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Probiotics

Updated: Jul 5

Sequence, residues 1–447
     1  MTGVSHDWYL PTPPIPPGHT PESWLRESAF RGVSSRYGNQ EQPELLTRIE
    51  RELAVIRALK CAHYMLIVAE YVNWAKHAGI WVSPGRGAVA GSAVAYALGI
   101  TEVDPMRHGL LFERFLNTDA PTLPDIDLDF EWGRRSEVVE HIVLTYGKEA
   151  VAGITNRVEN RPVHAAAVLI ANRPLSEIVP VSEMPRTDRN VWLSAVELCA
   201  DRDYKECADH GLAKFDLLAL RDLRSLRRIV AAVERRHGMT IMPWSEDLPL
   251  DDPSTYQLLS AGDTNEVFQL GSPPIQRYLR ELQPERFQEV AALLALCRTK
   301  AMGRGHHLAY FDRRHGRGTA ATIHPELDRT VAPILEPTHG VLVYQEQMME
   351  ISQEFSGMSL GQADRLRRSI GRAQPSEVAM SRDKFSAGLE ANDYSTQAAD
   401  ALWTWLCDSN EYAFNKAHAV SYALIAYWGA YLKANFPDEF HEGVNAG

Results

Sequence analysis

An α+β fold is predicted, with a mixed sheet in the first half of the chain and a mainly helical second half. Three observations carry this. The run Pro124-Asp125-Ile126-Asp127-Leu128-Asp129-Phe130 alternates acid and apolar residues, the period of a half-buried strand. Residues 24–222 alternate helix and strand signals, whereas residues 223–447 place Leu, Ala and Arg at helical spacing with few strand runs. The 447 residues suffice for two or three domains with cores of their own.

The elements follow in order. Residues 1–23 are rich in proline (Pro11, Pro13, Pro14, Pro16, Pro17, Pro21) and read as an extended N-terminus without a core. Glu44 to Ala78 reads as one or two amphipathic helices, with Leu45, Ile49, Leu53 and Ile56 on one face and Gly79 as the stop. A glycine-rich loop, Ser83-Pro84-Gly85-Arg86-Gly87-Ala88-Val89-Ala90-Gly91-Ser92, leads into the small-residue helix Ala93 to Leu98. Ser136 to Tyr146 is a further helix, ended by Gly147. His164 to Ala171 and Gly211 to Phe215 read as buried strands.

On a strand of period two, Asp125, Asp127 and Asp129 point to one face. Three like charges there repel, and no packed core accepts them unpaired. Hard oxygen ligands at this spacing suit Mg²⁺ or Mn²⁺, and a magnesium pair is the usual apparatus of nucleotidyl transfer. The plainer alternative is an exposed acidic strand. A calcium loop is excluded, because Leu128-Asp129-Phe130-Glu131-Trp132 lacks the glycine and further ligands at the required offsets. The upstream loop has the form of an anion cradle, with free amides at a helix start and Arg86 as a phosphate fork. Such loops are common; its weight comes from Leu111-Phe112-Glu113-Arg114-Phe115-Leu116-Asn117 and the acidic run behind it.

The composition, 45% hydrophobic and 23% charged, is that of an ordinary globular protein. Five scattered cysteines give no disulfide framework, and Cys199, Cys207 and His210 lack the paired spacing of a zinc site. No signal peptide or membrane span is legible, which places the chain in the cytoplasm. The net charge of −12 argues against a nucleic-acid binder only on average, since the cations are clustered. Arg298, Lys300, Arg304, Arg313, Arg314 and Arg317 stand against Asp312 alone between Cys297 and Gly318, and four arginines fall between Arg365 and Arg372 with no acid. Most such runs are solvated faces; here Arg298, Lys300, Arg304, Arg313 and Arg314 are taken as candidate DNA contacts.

Any body of a human is known to host at least 1014 microorganisms, we do have more microbes than body cells. On this one occasion, it is a great deal, to be a host for some microbe. Even though, it is not so easily believable, at these times. Human gastrointestinal tract, so important but so often overlooked, has 10 million genes with microbial species that are beneficial for the health of their host. There’s that host again. These microbial species have possible positive effect on immune system, such as transition of daily meals into the nutrients that matter and defense against invasion of pathogenic microorganisms.